The shaft 730 shown in Figure 7 is configured to the slidable within the tool body 710. The shaft 730 shown is substantially cylindrical. The shaft is made from a magnetically susceptible material, such as steel. Optionally, the shaft 730 maybe biased by a biasing element within the tool body 710. The shaft 730 is engaged by energising the plurality of electromagnets 720 such that the shaft 730 extends or retracts responsive to a magnetic field generated by the electromagnets. For example, the shaft may extend or retract depending on polarity of the magnetic field. Alternatively, the shaft may maintain an extended state provided by a biasing element, such that the electromagnet 720 overcomes a biasing force provided by the biasing element to urge the shaft 730 to retract. Figure 8 shows a view from the leading end of the magnetic tool 700 as shown in Figure 7, with the shaft 730 in a retracted state. The shaft head 735 is shown having an arrow-head like profile that is configured to fit into an opening in a further component (not shown) such that rotation and/or translation of the shaft 730 allows the shaft head 735 to interlock with an interior surface of the further component.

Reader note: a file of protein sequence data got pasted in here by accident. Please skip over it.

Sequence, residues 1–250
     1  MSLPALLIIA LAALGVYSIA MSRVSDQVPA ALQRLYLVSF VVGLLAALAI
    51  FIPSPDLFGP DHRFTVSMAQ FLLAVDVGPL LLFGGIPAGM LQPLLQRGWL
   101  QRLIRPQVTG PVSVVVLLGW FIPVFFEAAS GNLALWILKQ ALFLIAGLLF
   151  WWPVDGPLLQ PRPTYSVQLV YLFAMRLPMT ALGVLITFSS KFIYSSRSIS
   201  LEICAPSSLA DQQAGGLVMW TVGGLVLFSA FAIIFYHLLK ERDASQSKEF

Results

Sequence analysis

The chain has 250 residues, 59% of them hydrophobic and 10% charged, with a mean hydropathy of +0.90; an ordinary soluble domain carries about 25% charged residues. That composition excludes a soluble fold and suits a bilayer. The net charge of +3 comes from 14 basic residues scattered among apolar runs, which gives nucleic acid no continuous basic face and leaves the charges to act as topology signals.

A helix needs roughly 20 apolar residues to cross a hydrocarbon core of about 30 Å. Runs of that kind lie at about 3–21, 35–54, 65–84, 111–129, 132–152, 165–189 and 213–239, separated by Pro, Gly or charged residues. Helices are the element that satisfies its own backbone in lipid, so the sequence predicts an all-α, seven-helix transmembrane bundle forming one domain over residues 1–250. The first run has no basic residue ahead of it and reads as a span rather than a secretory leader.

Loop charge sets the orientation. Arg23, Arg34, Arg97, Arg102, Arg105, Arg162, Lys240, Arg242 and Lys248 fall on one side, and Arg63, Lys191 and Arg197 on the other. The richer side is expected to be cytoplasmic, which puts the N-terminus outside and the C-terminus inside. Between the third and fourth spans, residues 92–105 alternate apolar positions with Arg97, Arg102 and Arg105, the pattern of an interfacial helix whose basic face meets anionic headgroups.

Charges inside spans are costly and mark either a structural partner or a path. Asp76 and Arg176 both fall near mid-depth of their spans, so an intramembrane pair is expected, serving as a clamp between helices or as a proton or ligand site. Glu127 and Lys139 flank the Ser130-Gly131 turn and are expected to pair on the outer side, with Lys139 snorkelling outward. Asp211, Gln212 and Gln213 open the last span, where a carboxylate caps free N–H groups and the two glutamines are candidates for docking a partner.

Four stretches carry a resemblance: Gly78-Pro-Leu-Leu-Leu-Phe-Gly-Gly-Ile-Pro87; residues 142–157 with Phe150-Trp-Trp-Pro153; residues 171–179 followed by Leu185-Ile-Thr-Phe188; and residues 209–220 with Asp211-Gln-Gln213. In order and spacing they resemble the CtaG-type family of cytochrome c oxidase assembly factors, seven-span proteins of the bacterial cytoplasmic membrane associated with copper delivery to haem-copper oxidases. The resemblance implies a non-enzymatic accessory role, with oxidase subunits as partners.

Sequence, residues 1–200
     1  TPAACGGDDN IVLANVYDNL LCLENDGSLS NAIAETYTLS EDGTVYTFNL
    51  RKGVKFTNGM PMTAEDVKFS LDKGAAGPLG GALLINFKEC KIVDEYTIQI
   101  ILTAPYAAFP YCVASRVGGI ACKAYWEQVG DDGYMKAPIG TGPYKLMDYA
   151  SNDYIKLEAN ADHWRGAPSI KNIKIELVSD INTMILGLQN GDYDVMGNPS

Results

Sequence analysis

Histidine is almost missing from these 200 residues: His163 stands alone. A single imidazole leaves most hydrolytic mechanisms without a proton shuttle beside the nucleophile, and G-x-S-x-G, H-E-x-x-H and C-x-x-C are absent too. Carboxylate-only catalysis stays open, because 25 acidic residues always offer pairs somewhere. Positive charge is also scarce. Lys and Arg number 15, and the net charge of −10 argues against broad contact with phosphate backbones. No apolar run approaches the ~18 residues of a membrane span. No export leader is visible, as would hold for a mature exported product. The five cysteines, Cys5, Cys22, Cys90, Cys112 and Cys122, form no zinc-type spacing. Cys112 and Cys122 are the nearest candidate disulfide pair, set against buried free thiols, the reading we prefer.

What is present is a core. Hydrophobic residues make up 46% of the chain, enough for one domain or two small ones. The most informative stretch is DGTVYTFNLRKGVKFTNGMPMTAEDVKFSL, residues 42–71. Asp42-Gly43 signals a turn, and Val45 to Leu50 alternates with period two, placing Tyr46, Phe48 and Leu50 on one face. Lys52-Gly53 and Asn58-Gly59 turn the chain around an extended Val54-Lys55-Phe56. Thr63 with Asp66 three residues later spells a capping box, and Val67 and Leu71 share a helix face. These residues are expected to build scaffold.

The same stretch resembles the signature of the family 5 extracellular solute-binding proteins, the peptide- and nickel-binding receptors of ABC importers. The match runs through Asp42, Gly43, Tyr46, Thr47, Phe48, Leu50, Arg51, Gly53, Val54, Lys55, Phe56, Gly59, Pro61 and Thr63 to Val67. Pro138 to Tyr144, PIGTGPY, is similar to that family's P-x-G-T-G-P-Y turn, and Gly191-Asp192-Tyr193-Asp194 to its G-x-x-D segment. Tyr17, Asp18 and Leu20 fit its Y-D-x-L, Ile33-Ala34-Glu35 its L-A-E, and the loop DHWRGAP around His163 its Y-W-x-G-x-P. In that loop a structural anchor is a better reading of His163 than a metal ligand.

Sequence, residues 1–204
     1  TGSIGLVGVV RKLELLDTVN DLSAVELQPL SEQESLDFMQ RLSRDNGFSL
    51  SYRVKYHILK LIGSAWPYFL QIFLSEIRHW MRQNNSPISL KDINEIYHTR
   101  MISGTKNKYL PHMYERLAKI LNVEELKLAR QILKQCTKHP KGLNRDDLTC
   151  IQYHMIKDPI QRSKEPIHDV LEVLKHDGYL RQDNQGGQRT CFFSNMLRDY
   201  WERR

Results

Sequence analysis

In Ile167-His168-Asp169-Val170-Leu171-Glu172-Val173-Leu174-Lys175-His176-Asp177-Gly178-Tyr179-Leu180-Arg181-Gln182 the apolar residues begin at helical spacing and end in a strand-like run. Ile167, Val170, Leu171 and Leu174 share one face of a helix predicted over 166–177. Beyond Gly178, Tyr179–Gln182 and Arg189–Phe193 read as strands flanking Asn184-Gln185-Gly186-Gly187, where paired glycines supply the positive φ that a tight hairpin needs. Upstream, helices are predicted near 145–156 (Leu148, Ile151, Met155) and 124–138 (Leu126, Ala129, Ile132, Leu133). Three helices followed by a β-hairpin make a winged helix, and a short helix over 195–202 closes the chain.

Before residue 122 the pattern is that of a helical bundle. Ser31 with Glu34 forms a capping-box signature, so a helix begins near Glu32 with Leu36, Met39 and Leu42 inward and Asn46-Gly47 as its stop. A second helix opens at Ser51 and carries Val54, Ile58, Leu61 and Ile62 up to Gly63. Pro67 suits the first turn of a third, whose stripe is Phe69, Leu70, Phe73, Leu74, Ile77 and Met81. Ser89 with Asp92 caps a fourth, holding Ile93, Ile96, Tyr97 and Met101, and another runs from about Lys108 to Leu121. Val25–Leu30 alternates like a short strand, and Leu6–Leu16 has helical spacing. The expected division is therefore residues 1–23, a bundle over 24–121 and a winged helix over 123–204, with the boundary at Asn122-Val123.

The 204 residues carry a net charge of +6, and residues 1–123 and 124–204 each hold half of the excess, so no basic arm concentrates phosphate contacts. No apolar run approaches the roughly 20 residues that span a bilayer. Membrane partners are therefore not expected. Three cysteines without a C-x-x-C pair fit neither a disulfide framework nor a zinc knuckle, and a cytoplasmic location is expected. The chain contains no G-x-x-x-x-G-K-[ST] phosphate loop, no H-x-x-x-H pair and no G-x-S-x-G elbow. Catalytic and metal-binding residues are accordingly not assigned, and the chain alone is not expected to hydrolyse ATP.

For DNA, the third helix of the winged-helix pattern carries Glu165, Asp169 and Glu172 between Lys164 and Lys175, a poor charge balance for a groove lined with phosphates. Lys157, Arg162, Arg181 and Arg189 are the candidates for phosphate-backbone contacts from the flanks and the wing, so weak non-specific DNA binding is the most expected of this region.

Figure 9 shows a view from the leading end of the magnetic tool 700 as shown in figure 7, with the shaft 730 in an extended state. Extension of the shaft 730 allows the shaft head 735 to pass through a port in the further component subsequent to which the shaft head 735 interlocks with the further component via rotation of the shaft. Rotation of the shaft is mechanical. Alternatively, rotation of the shaft may be magnetically induced. A surface on a rear portion of the shaft head 735 interlocks with an interior surface of the further component, such that the shaft head is unable to return through the port in the further component. Extension of the shaft 730 also allows urging of the tool member to urge the first component into an interlocked state with the further component via a magnetic element. Generation of a magnetic field by the electromagnets 720 urges the shaft 730 to retract which, via the shaft head 735 as an anchor interlocked with an interior surface of the further component, helps to urge the first component towards the further component. Urging the first component towards the further component via the magnetic tool brings the first component into an interlocked state with the further component. The interlocked state, held by the magnetic field, is established when the connector and fixed connector are fully mated. An alternative interlocking arrangement to the head and slot interlocking mechanism described above may be provided.